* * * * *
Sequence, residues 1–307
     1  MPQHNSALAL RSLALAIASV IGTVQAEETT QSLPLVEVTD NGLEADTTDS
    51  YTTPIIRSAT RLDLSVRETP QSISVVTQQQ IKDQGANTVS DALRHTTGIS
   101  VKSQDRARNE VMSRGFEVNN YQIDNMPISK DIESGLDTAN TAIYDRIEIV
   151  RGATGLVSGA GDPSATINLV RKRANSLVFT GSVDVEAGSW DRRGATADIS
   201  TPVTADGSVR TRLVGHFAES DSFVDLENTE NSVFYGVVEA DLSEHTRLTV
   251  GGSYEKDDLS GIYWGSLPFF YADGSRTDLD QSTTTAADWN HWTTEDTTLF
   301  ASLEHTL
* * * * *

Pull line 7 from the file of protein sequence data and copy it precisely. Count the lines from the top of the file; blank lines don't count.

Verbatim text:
   251  GGSYEKDDLS GIYWGSLPFF YADGSRTDLD QSTTTAADWN HWTTEDTTLF